Each year around 18 per cent of the country is flooded, killing over 5,000 people and destroying 7 million homes. During severe flooding, up to 75 per cent of Bangladesh can be affected.
The RNLI is running two new programmes in the country, to help Bangladesh prepare for floods and save more lives from drowning. Three members of the charity’s own flood rescue team are delivering the programmes. The first is for 40 members of Bangladesh’s Fire Service and Civil Defence. Over four days, they will learn about swift-water swimming techniques; crossing moving water; using a rescue boat; assessing risks and keeping themselves safe; rescuing others, and taking command of an incident.
The team will then train 25 personnel from other charities operating in Bangladesh, including Save the Children, Voluntary Services Overseas and Plan International. These organisations, which provide important support to local communities, often struggle to carry out their work when flooding occurs. In just two days, they will learn about the dangers of flood water; protecting themselves should they end up in the water; types of rescue boats and how to load them safely; using suitable safety equipment; paddling a boat in flood waters, and what to do in the event of a capsize. This training will give them the skills needed to continue their work in the event of flooding.
One of the RNLI team delivering the training is Martin Blaker-Rowe, who was among three RNLI flood rescue team members awarded a Pride of Britain Award earlier this month for the dramatic rescue of a mother who was swept from her car by raging flood waters last December.
RNLI flood rescue team members are trained in swift-water rescue, to ensure they are prepared to carry out rescues in dangerous and unpredictable floodwaters. They will be passing on some of these skills during the training in Bangladesh.
Steve Wills, the RNLI’s international development manager, says:
‘Flooding is a major issue in Bangladesh, claiming a staggering 5,000 lives there each year and displacing many more people from their homes each time. Flood waters are usually powerful and dangerous – it takes very specialist knowledge and skills to recognise the hazards, stay safe and save others. The training the RNLI is delivering will give the Bangladeshi fire service and other charity personnel the key skills they need to prepare for flooding, and to cope better when it happens.
‘This flood rescue training is part of a bigger programme of work the RNLI has been carrying out in Bangladesh over the past couple of years, to help the country tackle its drowning problem – it currently has one of the highest drowning rates in the world. We’ve helped set up the first ever beach lifesaving service in Bangladesh, and have also delivered specialist maritime search and rescue training to the Bangladesh Coast Guard.’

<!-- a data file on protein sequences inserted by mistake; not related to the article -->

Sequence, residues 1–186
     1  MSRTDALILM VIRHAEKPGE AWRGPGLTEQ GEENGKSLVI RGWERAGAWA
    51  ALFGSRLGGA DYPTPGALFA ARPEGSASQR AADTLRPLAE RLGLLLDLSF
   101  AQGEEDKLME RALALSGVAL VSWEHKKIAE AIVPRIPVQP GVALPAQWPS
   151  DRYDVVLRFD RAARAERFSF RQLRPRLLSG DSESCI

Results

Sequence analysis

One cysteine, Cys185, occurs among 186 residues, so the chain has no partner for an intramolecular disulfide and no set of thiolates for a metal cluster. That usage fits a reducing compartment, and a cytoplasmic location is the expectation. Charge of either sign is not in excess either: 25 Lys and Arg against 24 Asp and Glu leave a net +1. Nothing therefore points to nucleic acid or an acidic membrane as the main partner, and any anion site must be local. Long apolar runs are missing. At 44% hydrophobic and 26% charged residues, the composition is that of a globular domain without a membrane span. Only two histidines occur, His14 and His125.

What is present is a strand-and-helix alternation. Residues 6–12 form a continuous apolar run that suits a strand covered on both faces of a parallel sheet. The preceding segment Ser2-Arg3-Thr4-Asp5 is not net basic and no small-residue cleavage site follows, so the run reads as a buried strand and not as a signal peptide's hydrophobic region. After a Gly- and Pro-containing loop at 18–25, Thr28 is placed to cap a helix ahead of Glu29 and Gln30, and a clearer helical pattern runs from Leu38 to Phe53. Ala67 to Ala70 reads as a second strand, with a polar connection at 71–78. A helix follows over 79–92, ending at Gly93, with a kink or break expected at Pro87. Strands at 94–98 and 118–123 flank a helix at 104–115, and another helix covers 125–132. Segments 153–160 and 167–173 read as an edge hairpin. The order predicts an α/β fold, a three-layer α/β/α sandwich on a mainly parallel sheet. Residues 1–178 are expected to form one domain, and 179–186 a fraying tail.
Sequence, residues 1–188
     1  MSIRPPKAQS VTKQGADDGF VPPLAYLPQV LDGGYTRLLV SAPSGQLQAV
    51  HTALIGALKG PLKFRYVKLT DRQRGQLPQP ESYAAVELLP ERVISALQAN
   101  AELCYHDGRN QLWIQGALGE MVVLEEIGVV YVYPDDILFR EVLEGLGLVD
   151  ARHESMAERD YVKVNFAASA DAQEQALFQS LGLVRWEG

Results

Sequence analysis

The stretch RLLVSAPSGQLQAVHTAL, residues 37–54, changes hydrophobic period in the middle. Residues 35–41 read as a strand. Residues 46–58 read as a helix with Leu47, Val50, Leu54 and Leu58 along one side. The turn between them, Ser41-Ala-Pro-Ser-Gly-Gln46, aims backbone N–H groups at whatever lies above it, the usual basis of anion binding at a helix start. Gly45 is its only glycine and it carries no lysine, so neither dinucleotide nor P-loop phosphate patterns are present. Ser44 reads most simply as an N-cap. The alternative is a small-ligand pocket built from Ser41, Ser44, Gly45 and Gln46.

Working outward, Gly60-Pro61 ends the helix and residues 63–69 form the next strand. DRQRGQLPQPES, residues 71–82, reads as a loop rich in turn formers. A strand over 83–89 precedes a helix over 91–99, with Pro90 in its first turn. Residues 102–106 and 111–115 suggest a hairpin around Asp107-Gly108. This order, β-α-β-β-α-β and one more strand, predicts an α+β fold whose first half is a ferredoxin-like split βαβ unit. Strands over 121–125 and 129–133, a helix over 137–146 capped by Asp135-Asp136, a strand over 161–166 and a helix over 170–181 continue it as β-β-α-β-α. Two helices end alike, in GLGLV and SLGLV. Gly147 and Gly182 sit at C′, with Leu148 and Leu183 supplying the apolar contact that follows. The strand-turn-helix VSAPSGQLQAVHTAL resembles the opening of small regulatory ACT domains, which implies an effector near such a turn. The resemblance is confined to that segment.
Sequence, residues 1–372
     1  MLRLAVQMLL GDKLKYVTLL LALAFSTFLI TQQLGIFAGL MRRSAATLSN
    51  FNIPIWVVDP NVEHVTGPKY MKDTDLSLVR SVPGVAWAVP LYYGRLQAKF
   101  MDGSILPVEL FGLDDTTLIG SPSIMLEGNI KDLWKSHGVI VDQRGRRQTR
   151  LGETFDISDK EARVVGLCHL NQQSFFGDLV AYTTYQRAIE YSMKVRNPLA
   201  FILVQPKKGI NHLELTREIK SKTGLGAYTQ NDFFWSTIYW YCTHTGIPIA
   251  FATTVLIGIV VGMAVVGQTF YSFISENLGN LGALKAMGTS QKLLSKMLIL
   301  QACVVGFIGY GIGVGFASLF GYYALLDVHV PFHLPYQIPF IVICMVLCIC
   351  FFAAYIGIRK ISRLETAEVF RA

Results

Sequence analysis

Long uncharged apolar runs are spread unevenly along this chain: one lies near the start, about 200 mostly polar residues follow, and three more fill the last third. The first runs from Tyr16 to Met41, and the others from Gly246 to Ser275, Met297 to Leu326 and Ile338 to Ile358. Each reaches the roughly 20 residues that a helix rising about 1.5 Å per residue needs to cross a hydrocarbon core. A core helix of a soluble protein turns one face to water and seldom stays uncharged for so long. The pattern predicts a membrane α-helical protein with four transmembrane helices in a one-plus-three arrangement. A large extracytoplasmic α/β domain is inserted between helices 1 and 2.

The flood rescue training is part of a broader package of lifesaving work being delivered in Bangladesh by the RNLI from 29 October to 11 November. While in the country, the trainers will also provide maritime search and rescue training to 25 members of the Bangladesh Coast Guard, teaching them about search planning and management.
Separately, two RNLI lifeguard trainers will re-visit the beach lifesaving club they have helped to set up in the Cox’s Bazar area over the past two years – the first ever fully-established lifesaving club in Bangladesh. This time, the trainers will monitor the Bangladeshi lifeguards running their lifesaving club and training courses, stepping in to offer advice and further training where required. They will spend time instructing the Bangladeshi lifeguards on how to run water safety education programmes in school, and helping them develop the content for those sessions.
The RNLI’s international work aims to help developing lifesaving organisations and reduce the 1.2M drownings that occur around the world each year. The charity is focusing on helping other organisations to help themselves by providing a range of services such as training, supply of equipment, safety education, and guidance on search and rescue and flood resilience.
The charity’s overseas work is funded primarily through overseas sales of consultancy, equipment and training to countries that require those services; and external / government funding where available. In time, the RNLI will begin to fundraise for specific international projects.
Notes to Editors
• A photo of the RNLI flood rescue team (FRT) in training is attached. Please credit RNLI/Robin Goodlad.
• The RNLI FRT was introduced following the RNLI’s involvement with the Mozambique floods of February 2000.
• Since 2000, the RNLI FRT has deployed up to three times a year and been involved in major flooding events including Guyana in 2005, when heavy rain and flooding affected 250,000 people; Cockermouth in Cumbria at the end of 2009, where over 200 people were rescued from the rapid influx of water.
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